The miracle we found

My father died on June 27, 2015, after a sudden allergic reaction to a medication he’d been taking for years. He was in a coma for four days before he let go and let God take him. This is the eulogy I gave at his memorial service:

My father drove me crazy. He was big, loud, opinionated. But I loved him for it, and as many times as I rolled my eyes at him, he rolled them right back at me. I’ve always been his girl. I always go too far too fast. I’ve never been good at sitting still. I’ve never known moderation or the excuse of “that’s too hard,” and all of that is because of him. Even now, having lost him, I am not afraid. Because he made me unafraid.

But more than that, I am unafraid because I know that God is holding me in this grief, just as he’s holding my mom and brother, our family and friends, and everyone whose life my father ever touched. There’s a passage in Hebrews that speaks of our hope in Jesus as “the anchor of the soul.” I once heard a pastor say, “Think of the soul as a ship. We don’t have an anchor to keep the storms from coming. We have an anchor because the storms are coming.” And in the wake of my dad’s passing, are we ever in a storm.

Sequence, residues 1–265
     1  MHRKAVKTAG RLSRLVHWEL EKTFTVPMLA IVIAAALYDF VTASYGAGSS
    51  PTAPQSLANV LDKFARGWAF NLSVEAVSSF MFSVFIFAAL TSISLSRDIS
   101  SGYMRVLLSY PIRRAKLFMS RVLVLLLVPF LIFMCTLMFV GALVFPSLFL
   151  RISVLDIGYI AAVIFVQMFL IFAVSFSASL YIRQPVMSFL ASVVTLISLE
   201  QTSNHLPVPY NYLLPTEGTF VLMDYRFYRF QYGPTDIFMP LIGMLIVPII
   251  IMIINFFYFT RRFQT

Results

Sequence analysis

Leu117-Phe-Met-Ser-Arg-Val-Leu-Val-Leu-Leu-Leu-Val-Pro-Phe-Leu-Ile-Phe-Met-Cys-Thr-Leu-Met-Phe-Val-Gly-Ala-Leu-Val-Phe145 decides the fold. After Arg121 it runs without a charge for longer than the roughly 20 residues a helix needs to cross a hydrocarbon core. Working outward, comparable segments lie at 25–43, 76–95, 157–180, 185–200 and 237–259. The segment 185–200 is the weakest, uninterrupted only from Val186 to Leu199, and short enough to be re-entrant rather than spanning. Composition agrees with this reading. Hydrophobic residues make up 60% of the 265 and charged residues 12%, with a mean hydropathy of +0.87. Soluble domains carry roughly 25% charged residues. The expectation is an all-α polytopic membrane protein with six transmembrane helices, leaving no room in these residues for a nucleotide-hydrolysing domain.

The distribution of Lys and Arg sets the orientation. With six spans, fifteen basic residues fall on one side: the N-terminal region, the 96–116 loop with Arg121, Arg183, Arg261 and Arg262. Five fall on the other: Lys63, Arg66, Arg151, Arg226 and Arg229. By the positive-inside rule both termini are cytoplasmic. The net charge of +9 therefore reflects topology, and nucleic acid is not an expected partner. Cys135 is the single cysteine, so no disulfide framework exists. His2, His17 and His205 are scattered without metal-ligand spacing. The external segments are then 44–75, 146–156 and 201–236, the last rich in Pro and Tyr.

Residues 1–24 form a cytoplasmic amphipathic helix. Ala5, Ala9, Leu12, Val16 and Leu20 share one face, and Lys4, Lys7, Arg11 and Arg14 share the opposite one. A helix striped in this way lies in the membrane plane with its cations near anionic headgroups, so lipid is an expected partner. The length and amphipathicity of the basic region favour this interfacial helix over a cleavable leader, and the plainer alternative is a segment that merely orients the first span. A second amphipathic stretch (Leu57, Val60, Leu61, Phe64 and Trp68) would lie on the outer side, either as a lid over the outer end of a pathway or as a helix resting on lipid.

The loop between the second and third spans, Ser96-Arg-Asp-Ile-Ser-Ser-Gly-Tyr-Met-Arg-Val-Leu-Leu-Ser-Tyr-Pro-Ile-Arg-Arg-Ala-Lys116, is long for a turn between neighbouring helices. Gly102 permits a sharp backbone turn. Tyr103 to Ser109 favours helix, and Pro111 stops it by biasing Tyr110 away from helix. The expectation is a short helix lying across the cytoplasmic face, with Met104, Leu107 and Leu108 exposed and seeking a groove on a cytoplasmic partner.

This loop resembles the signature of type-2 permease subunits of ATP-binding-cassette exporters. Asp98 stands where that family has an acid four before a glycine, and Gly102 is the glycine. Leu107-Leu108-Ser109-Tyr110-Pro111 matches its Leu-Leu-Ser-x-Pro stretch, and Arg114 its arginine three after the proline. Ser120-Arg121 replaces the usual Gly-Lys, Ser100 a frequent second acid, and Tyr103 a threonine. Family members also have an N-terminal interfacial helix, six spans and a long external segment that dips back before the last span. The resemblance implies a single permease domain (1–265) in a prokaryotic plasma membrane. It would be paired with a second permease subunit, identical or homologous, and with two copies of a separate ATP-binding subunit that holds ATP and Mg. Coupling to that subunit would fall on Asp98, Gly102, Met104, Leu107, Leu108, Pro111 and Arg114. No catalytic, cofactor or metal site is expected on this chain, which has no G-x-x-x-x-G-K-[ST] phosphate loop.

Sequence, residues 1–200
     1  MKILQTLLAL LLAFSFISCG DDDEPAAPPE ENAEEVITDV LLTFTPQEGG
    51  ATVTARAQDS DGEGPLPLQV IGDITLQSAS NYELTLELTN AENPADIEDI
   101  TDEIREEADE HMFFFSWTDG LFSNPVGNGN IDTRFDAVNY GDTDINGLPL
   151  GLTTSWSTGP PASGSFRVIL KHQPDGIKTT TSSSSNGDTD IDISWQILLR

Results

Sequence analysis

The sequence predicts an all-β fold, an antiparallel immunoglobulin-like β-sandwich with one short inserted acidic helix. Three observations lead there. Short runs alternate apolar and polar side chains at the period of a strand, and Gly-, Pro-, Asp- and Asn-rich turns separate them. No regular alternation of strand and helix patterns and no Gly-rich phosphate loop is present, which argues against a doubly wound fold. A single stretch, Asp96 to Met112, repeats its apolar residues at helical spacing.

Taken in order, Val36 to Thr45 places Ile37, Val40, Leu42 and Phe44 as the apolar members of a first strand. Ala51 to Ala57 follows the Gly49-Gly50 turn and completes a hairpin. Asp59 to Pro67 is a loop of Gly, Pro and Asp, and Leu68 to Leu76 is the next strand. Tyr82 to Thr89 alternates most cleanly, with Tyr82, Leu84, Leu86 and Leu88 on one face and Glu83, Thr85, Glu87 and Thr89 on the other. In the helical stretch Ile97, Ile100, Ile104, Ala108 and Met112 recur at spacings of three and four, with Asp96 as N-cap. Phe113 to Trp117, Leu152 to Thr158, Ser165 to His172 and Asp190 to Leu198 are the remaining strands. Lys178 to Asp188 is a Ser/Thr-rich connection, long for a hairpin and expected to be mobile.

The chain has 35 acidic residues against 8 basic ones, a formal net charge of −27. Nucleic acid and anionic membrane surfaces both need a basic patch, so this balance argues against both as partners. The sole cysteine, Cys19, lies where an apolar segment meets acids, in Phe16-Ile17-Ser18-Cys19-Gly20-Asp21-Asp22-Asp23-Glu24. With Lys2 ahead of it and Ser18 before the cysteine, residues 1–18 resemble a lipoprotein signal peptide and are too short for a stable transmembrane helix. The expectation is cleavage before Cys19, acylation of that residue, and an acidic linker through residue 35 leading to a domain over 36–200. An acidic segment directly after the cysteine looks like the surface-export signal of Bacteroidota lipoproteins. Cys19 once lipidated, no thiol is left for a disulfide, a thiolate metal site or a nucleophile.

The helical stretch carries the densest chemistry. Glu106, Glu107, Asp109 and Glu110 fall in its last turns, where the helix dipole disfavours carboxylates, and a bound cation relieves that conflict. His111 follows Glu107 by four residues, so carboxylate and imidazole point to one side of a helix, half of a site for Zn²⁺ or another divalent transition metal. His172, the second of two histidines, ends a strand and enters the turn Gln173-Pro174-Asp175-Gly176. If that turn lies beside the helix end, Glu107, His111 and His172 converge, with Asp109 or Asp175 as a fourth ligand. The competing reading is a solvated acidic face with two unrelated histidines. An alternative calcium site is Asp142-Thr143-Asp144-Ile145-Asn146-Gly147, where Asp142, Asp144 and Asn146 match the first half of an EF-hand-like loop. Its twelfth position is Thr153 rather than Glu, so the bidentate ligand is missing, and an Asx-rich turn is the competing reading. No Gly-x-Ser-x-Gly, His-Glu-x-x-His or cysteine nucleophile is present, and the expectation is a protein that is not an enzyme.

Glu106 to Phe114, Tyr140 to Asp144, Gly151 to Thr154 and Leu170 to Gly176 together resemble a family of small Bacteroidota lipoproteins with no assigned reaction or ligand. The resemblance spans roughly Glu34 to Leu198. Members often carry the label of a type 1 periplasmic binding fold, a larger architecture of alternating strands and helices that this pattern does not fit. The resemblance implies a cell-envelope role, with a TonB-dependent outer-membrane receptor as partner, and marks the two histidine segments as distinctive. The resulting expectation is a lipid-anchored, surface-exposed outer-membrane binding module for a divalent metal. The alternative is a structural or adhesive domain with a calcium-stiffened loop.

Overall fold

My father was a force, and I don’t doubt that everyone feels his absence reverberating through their bones. Even breathing seems different with him gone. If he were here, though, he would tell us, “We have to keep on truckin’.” He would smile. He would whistle. He would sing that stupid country music he tortured us with on road trips, windows down in the dead of summer, right as we drove past the dairy farms. He would continue to find ways to do good, to help God mend even the smallest tear in our very broken world.

When he was in the hospital, we prayed for his healing. We prayed for a miracle. But once we began to realize we would lose him, I thought of a line from Sue Monk Kidd’s Firstlight: “The miracle we found was acceptance.” As far as I can see, we have two choices: to linger in grief and anger over what we’ve lost and cannot change, or to move forward in the Lord’s strength and let Him bring us acceptance. Let Him show us where joy can be found, even now. My dad was good at finding joy. I have not been, but I think I will be now. After all, I have always been and will always be my father’s daughter.